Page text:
Headline private-sector jobs rose by 204,000 jobs in August, but that was off a July number revised down by 59,000 from what was announced a month ago. Our preferred jobs measure, private-sector excluding construction and retailing, rose by 187,000 in August, with a 28,000 downward revision to July’s previously reported level.
As the chart indicates, our preferred measure has tended to grow by 170,000 per month over recent years, so the August gains were above average, but other months’ performances have not been as strong. Thus, over the last 12 months, including August, this measure has seen average growth of 164,000, less than the average of preceding years.
As is also clear from the chart, there has been no detectable acceleration in job growth—headline or preferred—in the last year plus. One can debate whether or not we are at full employment, but accelerating economic growth requires accelerating job growth, and we have not seen that. So, strong or not, labor market data are not consistent with a thesis that the economic growth has improved since 2017.
Our preferred jobs measure excludes construction and retailing—not because they don’t matter, but because they are especially volatile in the short-term. In August, retailing declined slightly (-6,000, with -25,000 of revisions to July), while construction rose nicely (+23,000, with -6,000 of revisions). Over the longer-term, neither of these sectors has been an impetus nor drag on overall job growth, with both construction and retailing job growth generally steady for the last 18 months, at average rates of 19,000 and 1,000, respectively.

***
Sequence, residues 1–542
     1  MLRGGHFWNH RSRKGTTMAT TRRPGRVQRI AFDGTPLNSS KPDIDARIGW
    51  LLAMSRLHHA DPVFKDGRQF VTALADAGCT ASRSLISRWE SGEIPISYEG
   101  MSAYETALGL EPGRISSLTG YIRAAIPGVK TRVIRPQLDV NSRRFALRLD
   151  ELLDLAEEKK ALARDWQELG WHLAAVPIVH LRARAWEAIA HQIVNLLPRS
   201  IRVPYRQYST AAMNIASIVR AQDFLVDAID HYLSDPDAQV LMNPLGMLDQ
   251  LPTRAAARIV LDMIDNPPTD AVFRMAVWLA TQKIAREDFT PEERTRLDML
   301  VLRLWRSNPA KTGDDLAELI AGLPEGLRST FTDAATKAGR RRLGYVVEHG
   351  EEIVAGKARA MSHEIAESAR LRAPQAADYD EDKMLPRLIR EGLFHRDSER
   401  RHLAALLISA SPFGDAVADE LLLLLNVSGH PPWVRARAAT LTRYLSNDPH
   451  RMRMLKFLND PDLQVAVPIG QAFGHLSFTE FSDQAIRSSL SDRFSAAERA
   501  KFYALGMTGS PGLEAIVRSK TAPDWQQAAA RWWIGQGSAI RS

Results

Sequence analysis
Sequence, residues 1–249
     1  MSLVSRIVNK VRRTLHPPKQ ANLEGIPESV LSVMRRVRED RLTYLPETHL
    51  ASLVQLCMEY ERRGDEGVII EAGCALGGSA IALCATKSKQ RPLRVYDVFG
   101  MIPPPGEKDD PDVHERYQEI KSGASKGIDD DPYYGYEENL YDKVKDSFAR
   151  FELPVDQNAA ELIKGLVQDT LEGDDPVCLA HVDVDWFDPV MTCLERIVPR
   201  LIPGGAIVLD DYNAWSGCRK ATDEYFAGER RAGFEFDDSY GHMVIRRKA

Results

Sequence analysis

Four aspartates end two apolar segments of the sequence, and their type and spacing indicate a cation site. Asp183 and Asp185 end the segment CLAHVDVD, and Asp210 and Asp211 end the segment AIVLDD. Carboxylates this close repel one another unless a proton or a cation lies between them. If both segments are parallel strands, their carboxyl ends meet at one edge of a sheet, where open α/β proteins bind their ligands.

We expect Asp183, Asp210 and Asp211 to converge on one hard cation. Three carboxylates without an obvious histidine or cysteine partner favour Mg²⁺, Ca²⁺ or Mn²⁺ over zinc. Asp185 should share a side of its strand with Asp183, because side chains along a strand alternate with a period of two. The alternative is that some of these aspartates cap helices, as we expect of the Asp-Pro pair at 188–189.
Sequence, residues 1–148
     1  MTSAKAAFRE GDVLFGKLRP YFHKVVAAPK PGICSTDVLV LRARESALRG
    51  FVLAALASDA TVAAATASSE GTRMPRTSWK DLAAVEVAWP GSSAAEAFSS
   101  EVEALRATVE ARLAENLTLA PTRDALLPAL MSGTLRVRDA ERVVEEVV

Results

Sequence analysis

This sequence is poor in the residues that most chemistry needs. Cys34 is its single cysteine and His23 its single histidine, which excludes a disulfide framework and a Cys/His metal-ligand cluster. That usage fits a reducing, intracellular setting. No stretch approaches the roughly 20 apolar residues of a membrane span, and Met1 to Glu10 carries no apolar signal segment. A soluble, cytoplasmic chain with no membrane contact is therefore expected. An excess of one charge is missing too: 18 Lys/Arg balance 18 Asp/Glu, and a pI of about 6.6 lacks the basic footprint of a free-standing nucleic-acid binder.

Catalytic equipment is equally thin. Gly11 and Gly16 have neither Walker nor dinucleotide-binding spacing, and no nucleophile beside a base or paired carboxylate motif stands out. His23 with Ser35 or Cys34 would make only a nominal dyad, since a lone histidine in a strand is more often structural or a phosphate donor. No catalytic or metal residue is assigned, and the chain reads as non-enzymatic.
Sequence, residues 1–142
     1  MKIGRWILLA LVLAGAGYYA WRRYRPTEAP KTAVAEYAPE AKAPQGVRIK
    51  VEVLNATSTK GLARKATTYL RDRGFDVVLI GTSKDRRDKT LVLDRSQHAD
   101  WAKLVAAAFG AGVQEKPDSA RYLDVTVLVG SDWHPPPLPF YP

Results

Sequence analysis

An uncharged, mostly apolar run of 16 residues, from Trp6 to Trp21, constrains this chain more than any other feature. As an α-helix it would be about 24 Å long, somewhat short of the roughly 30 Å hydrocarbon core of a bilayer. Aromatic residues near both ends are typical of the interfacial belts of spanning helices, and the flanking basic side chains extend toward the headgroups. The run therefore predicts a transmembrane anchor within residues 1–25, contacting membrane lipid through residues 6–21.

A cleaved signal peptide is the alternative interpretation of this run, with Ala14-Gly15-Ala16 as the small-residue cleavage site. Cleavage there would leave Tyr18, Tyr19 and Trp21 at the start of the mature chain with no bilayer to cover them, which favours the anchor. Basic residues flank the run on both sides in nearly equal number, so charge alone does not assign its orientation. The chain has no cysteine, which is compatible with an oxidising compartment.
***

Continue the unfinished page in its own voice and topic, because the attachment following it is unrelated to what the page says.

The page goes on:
Wage growth was a bright spot in today’s report, with both all-worker and production worker average hourly wages showing nice gains, 0.4% and 0.3%, respectively. We think the production worker measure is more reliable, as it measures hourly wages for workers who actually are paid by the hour. It has risen 2.8% over the last 12 months, compared to 2.3% growth over the preceding 12 months.
Manufacturing jobs declined by 3,000 in August, with -31,000 of revisions to July. Manufacturing has been the bright spot for the US economy over the past two years, but today’s jobs news tags along with recent data on factory orders and output to possibly portray some slowing there, though it is premature to say so for sure.